Cortical surface architecture endophenotype and correlates of clinical diagnosis of autism spectrum disorder

Bun Yamagata, Takashi Itahashi, Junya Fujino, Haruhisa Ohta, Osamu Takashio, Motoaki Nakamura, Nobumasa Kato, Masaru Mimura, Ryu ichiro Hashimoto, Yuta Y. Aoki

Research output: Contribution to journalArticle

2 Citations (Scopus)

Abstract

Aim: Prior structural magnetic resonance imaging studies demonstrated atypical gray matter characteristics in siblings of individuals with autism spectrum disorder (ASD). However, they did not clarify which aspect of gray matter is related to the endophenotype (i.e., genetic vulnerability) of ASD. Further, because they did not enroll siblings of typically developing (TD) people, they may have underestimated the difference between individuals with ASD and their unaffected siblings. The current study aimed to address these gaps. Methods: We recruited 30 pairs of adult male siblings (15 pairs with an ASD endophenotype and 15 pairs without) and focused on four gray matter parameters: cortical volume and three surface-based parameters (cortical thickness, fractal dimension, and sulcal depth [SD]). First, we sought to identify a pattern of an ASD endophenotype, comparing the four parameters. Then, we compared individuals with ASD and their unaffected siblings in the cortical parameters to identify neural correlates for the clinical diagnosis accounting for the difference between TD siblings. Results: A sparse logistic regression with a leave-one-pair-out cross-validation showed the SD as having the highest accuracy for the identification of an ASD endophenotype (73.3%) compared with the other three parameters. A bootstrapping analysis accounting for the difference in the SD between TD siblings showed a significantly large difference between individuals with ASD and their unaffected siblings in six out of 68 regions of interest. Conclusion: This proof-of-concept study suggests that an ASD endophenotype emerges in the SD and that neural bases for ASD diagnosis can be discerned from the endophenotype when accounting for the difference between TD siblings.

Original languageEnglish
JournalPsychiatry and Clinical Neurosciences
DOIs
Publication statusPublished - 2019 Jan 1

Fingerprint

Endophenotypes
Individuality
Autism Spectrum Disorder
Fractals
Logistic Models
Magnetic Resonance Imaging

Keywords

  • autism
  • autism spectrum disorder
  • endophenotype
  • sibling
  • structure

ASJC Scopus subject areas

  • Neuroscience(all)
  • Neurology
  • Clinical Neurology
  • Psychiatry and Mental health

Cite this

Cortical surface architecture endophenotype and correlates of clinical diagnosis of autism spectrum disorder. / Yamagata, Bun; Itahashi, Takashi; Fujino, Junya; Ohta, Haruhisa; Takashio, Osamu; Nakamura, Motoaki; Kato, Nobumasa; Mimura, Masaru; Hashimoto, Ryu ichiro; Aoki, Yuta Y.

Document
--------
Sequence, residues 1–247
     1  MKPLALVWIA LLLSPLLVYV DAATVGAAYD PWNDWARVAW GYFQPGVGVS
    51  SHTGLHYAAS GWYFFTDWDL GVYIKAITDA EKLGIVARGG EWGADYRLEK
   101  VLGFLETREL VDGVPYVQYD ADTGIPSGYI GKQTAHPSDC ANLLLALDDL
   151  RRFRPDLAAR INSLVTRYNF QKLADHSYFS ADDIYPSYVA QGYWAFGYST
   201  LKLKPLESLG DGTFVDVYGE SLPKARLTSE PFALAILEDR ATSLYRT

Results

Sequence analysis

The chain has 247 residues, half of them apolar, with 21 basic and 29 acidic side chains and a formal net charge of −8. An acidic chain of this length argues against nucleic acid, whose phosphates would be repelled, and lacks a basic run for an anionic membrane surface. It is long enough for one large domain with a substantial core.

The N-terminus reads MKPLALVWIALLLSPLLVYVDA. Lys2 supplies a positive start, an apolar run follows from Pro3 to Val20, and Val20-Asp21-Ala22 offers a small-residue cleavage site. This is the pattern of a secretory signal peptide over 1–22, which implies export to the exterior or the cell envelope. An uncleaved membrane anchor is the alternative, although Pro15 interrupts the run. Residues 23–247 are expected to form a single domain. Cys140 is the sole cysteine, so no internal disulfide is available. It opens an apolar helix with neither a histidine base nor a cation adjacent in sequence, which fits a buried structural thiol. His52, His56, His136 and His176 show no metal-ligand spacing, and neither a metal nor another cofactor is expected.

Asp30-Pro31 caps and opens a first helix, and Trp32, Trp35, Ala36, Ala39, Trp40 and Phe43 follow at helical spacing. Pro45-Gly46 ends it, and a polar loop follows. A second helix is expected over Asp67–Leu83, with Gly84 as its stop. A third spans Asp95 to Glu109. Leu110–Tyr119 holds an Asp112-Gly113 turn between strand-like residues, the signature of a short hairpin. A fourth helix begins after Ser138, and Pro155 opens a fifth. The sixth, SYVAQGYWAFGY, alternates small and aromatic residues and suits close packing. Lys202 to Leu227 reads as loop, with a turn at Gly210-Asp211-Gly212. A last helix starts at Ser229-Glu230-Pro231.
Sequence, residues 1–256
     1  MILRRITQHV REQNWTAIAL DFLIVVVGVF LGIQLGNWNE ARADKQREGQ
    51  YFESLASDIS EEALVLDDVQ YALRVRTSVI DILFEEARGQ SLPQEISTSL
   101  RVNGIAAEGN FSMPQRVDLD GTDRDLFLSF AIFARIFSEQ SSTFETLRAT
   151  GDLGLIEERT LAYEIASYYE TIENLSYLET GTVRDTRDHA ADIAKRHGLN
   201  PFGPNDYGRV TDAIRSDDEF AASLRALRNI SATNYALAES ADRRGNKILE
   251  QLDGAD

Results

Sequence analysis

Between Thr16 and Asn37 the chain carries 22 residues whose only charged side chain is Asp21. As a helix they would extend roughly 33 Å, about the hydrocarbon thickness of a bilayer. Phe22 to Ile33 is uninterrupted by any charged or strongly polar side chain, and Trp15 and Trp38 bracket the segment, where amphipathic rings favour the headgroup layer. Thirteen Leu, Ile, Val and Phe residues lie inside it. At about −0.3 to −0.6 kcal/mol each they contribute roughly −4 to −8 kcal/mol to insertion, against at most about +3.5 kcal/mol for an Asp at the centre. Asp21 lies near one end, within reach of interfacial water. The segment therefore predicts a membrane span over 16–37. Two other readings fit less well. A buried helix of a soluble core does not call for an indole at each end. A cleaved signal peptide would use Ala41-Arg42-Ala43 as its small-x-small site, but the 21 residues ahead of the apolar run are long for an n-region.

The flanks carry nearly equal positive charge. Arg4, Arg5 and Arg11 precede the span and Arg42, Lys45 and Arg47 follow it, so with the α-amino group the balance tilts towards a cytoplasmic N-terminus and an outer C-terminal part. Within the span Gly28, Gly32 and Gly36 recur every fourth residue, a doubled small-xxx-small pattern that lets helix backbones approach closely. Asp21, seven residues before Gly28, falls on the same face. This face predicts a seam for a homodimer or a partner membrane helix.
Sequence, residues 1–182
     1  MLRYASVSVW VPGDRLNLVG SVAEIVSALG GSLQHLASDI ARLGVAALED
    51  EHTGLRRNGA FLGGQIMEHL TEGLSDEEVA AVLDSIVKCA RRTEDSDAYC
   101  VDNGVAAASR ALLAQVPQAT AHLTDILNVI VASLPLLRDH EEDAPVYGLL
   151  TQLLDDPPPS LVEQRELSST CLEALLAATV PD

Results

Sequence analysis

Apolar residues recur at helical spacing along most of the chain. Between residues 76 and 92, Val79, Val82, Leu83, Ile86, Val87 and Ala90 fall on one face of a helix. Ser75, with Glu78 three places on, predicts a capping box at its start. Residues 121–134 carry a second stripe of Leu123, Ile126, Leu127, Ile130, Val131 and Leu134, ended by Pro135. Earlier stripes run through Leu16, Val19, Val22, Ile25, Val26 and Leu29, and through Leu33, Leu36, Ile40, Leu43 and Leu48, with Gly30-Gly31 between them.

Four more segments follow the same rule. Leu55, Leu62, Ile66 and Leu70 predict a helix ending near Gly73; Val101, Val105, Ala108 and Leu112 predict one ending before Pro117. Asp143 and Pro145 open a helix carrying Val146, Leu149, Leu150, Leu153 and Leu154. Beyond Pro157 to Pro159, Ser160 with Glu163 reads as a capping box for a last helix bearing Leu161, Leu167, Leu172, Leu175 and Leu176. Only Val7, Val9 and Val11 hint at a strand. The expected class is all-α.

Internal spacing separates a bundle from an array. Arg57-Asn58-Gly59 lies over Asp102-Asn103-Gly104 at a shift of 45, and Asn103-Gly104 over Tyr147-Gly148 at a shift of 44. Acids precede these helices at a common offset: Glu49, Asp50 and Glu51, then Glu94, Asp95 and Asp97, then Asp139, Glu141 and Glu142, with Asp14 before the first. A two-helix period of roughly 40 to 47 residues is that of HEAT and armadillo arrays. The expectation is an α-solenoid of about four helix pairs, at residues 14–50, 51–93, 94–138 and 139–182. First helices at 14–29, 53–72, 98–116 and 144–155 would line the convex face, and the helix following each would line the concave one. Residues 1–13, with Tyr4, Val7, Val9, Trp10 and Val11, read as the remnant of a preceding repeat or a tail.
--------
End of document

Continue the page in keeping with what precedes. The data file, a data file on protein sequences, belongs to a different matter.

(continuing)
In: Psychiatry and Clinical Neurosciences, 01.01.2019.

Research output: Contribution to journalArticle

Yamagata, Bun ; Itahashi, Takashi ; Fujino, Junya ; Ohta, Haruhisa ; Takashio, Osamu ; Nakamura, Motoaki ; Kato, Nobumasa ; Mimura, Masaru ; Hashimoto, Ryu ichiro ; Aoki, Yuta Y. / Cortical surface architecture endophenotype and correlates of clinical diagnosis of autism spectrum disorder. In: Psychiatry and Clinical Neurosciences. 2019.
@article{2d4c013b1e2b49c9a2b8a418b917a212,
title = "Cortical surface architecture endophenotype and correlates of clinical diagnosis of autism spectrum disorder",
abstract = "Aim: Prior structural magnetic resonance imaging studies demonstrated atypical gray matter characteristics in siblings of individuals with autism spectrum disorder (ASD). However, they did not clarify which aspect of gray matter is related to the endophenotype (i.e., genetic vulnerability) of ASD. Further, because they did not enroll siblings of typically developing (TD) people, they may have underestimated the difference between individuals with ASD and their unaffected siblings. The current study aimed to address these gaps. Methods: We recruited 30 pairs of adult male siblings (15 pairs with an ASD endophenotype and 15 pairs without) and focused on four gray matter parameters: cortical volume and three surface-based parameters (cortical thickness, fractal dimension, and sulcal depth [SD]). First, we sought to identify a pattern of an ASD endophenotype, comparing the four parameters. Then, we compared individuals with ASD and their unaffected siblings in the cortical parameters to identify neural correlates for the clinical diagnosis accounting for the difference between TD siblings. Results: A sparse logistic regression with a leave-one-pair-out cross-validation showed the SD as having the highest accuracy for the identification of an ASD endophenotype (73.3{\%}) compared with the other three parameters. A bootstrapping analysis accounting for the difference in the SD between TD siblings showed a significantly large difference between individuals with ASD and their unaffected siblings in six out of 68 regions of interest. Conclusion: This proof-of-concept study suggests that an ASD endophenotype emerges in the SD and that neural bases for ASD diagnosis can be discerned from the endophenotype when accounting for the difference between TD siblings.",